See in particular points 11. and 12. below, which to my knowledge are two hitherto unrecognised features shared in common between the Pray Manuscript and the Shroud of Turin. The article’s words are bold to distinguish them from mine.

Read: The Shroud of Turin: My critique of "The Pray Codex," Wikipedia, 1 May 2011

Methodist Bishop Refutes Claims Against Bodily Resurrection

imageEdmond Chua writes in the Singapore edition of the Christian Post (apparently not yet picked up by the US or International editions):

Authors James D. Tabor and Simcha Jacobovici of The Jesus Discovery: The New Archaeological Find That Reveals the Birth of Christianity and Thomas de Wesselow of The Sign: The Shroud of Turin and the Secret of the Resurrection claim in their books to offer evidence that may oppose the historical Christian teaching that Christ rose bodily when He was resurrected.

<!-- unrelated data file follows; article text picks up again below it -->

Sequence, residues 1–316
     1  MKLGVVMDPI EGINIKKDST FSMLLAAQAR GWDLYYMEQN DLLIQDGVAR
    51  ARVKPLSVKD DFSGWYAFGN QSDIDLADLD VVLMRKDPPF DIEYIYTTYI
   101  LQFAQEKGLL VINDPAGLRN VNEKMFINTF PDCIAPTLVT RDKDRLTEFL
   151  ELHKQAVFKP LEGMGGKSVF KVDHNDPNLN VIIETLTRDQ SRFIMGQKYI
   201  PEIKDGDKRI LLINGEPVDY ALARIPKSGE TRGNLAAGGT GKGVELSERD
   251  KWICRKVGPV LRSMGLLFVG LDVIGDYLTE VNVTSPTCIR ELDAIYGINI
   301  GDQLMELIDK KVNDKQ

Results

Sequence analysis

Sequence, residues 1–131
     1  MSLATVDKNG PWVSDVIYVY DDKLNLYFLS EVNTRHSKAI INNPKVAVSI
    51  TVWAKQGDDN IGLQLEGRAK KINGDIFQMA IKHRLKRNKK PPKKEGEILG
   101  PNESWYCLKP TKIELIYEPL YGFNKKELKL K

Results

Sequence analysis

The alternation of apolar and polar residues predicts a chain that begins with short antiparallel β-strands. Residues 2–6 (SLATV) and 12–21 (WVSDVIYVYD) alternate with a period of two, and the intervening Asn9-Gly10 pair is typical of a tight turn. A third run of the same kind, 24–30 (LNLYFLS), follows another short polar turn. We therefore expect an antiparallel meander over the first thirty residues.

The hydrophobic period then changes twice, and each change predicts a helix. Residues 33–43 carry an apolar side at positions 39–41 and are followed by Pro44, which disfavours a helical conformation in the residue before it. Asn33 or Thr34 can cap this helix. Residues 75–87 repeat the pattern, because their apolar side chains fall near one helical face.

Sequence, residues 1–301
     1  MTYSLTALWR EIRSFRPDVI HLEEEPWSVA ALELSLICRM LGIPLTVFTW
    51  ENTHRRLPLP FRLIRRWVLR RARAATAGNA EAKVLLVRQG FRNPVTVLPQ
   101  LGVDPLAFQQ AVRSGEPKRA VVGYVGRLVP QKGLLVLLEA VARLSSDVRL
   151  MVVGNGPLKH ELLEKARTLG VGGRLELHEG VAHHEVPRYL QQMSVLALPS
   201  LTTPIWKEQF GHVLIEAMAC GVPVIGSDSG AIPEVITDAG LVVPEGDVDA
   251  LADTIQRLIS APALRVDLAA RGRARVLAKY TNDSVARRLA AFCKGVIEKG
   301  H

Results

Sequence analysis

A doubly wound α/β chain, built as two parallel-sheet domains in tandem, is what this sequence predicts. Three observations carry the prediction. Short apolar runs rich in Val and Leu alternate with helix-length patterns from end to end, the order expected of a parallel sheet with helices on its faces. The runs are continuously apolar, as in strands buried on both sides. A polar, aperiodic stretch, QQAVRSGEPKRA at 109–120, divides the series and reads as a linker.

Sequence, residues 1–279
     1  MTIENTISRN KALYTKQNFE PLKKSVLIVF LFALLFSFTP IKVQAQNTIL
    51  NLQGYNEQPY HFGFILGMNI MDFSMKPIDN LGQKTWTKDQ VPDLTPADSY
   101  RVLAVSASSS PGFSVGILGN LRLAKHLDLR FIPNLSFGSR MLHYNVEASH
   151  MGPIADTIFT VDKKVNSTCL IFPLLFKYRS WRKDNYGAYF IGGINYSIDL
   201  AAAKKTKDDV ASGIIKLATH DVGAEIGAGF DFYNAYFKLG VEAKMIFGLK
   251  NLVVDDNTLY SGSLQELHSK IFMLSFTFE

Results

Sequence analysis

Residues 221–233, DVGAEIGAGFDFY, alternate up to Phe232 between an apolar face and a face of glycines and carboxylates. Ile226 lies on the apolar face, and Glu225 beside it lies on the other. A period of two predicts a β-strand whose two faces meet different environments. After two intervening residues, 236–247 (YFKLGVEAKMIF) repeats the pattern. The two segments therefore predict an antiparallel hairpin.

The books seem to suggest that Christ may not have physically resurrected, that His physical body could well have decomposed and decayed, that His resurrection could have really been spiritual and that He could have gained a new spiritual body distinct from His physical one.

In view of the apparent theological challenge, The Christian Post invited [Methodist] Bishop Dr. Robert M. Solomon [(pictured here with his wife)] to explore the evangelical view and response to such a viewpoint of the Resurrection. The Bishop responded with his thoughts on the two books and the issue that was raised.

and concludes: